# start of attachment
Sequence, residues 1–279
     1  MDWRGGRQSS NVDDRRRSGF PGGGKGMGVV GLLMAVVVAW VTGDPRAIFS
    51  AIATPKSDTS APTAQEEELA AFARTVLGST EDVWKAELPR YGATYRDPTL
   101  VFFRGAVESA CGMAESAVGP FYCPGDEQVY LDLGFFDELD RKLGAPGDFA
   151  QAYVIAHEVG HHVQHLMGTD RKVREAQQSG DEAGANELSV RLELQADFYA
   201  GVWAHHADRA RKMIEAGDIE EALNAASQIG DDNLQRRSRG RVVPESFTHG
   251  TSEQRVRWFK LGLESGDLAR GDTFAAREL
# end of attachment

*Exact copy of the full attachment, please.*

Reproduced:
Sequence, residues 1–279
     1  MDWRGGRQSS NVDDRRRSGF PGGGKGMGVV GLLMAVVVAW VTGDPRAIFS
    51  AIATPKSDTS APTAQEEELA AFARTVLGST EDVWKAELPR YGATYRDPTL
   101  VFFRGAVESA CGMAESAVGP FYCPGDEQVY LDLGFFDELD RKLGAPGDFA
   151  QAYVIAHEVG HHVQHLMGTD RKVREAQQSG DEAGANELSV RLELQADFYA
   201  GVWAHHADRA RKMIEAGDIE EALNAASQIG DDNLQRRSRG RVVPESFTHG
   251  TSEQRVRWFK LGLESGDLAR GDTFAAREL